Marvel fans will meet the Mandarin, for real this time, in 2021 when prolific Hong Kong actor Tony Leung stars as the comic book villain in Shang-Chi and the Legend of the Ten Rings. Hardly any fan can say they saw the Mandarin’s “return” to the Marvel Cinematic Universe coming, and that includes Drew Pearce, writer of Iron Man 3 and director of the epilogue short film All Hail the King.
“I’d be lying if I said I knew there was a grand plan, and I would be surprised if there had been a plan,” Pearce tells Inverse.
Ahead of the release of Pearce’s latest project, the screenplay for Fast & Furious Presents: Hobbs & Shaw, he reflected with Inverse on the Mandarin, a villain he reimagined in 2013’s Iron Man 3 and will return in Shang-Chi.
“I couldn’t be more excited,” Pearce says. “I was always super clear with [Marvel Studios President] Kevin [Feige] that Killian co-ops an ancient mantle and exploits it. All Hail the King backed that up, and it also was an excuse to hang with Trevor a bit longer.”
Back in 2013, Marvel surprised fans when the Mandarin, Tony Stark’s nemesis in Iron Man 3 who was an Indochinese terrorist and leader of an ancient cult called the “Ten Rings,” was revealed to be a phony. Instead, he was a very drunk actor, Trevor Slattery (Ben Kingsley), who was hired by Stark’s corporate rival Aldrich Killian (Guy Pearce) to threaten Iron Man.
On the Blu-ray edition of Thor: The Dark World released a few months after Iron Man 3, Marvel included the short film All Hail the King. Directed by Pearce, the film revealed the Mandarin is real, and wasn’t happy Trevor mocked his name and legacy in front of the world.
Pearce explains that his version of the Mandarin emerged when it was deemed “unsavory” to introduce the Mandarin as he was in the comic books: A villainous Chinese man evocative of old 19th century “yellow peril” stereotypes.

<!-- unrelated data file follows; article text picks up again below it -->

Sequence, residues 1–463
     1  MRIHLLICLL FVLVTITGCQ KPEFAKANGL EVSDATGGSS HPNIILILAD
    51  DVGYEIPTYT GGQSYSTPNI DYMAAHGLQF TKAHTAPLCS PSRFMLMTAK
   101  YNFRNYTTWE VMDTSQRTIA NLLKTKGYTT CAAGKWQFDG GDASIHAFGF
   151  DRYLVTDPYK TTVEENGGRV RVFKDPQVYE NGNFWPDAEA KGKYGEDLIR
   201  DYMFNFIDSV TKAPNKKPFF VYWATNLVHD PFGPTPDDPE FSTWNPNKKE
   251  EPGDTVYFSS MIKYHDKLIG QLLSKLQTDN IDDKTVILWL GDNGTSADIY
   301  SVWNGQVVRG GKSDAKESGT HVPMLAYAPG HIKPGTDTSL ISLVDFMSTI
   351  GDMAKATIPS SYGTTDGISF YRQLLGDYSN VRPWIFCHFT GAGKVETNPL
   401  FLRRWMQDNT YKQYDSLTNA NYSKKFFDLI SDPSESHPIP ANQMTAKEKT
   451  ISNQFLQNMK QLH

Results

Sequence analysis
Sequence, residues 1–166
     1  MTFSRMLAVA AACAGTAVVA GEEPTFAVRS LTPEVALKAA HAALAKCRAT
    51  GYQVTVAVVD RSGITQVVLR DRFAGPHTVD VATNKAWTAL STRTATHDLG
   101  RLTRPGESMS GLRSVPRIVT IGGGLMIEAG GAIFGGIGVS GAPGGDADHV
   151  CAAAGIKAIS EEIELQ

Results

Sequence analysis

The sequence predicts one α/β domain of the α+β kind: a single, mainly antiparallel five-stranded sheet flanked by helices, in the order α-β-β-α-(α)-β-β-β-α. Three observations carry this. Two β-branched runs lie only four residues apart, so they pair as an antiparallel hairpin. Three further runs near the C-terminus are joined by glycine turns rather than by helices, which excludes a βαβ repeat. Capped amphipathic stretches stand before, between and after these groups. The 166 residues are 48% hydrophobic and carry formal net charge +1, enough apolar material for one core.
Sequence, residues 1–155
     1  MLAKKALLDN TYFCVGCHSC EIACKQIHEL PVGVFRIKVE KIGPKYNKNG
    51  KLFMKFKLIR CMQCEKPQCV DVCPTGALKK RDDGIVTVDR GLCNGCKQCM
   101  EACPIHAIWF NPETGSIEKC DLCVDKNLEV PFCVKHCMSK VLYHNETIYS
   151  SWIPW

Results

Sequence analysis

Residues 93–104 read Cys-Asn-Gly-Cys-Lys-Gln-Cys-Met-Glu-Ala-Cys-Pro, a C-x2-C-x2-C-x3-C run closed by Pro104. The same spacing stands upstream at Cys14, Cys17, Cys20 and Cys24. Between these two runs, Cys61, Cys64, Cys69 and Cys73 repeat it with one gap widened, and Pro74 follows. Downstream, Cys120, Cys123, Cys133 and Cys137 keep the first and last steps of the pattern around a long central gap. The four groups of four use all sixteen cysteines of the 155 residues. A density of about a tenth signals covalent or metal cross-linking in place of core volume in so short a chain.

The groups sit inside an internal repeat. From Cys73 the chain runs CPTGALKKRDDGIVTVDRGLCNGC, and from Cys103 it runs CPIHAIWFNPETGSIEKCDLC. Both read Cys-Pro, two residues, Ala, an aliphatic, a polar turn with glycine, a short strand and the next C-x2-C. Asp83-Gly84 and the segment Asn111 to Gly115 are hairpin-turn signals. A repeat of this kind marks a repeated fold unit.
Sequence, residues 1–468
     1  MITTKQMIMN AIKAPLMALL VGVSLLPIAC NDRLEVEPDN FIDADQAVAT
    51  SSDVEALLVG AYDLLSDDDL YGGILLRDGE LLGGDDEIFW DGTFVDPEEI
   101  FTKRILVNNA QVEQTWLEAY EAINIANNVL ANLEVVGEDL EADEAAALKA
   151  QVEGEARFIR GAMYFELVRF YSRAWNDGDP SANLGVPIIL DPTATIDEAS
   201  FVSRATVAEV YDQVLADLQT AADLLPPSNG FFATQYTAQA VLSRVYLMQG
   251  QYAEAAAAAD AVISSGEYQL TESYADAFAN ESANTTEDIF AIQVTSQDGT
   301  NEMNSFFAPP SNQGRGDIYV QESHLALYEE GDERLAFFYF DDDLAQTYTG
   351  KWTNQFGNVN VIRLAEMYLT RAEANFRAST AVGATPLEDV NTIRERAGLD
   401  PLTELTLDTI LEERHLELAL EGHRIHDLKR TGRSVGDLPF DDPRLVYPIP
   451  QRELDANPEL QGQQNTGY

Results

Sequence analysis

“My approach to the Mandarin was inspired by the reason why I couldn’t use the original,” Pearce says. “It’s very much a yellow peril stereotype with a particularly unsavory edge of propaganda used in this era. But that inspired the idea of what kind of propaganda is used [now]? The concept of demonization of the other, capital ‘O,’ we really flipped that concept.”
He adds that Iron Man 3 having “the context of a movie with a powerful white lead” made it out of date to have Stark square up against a Chinese Mandarin.
“It felt deeply organic that the Ten Rings and the Mandarin mantle have been legitimately taken up,” he says. “There are versions of the Mandarin in the comics that are incredibly interesting and doable — the multinational technocrat Mandarin is a really attractive one.”
The version Pearce is referring to comes from the 2012 miniseries Ultimate Comics: Iron Man, in which Mandarin is reimagined as “Mandarin International,” an organization instead of a lone individual.
While fans have expressed admiration for Ben Kingsley’s unique portrayal of the Mandarin, Drew Pearce finds it “more exciting” that Tony Leung — a celebrated actor in Asia who will make his Hollywood debut in Shang-Chi — will play an authentically Chinese Mandarin. (Kingsley is half-Indian.)
“I think it’s more exciting to me when you cast one of the most exciting names I’ve ever seen in a Marvel movie as the Mandarin,” he says. “When it’s a movie that has such an authentically Asian context, and an Asian lead and Asian filmmakers behind it, frankly, I couldn’t be more excited to see where the Mandarin goes next.”
Shang-Chi and the Legend of the Ten Rings will be released in theaters on February 12, 2021.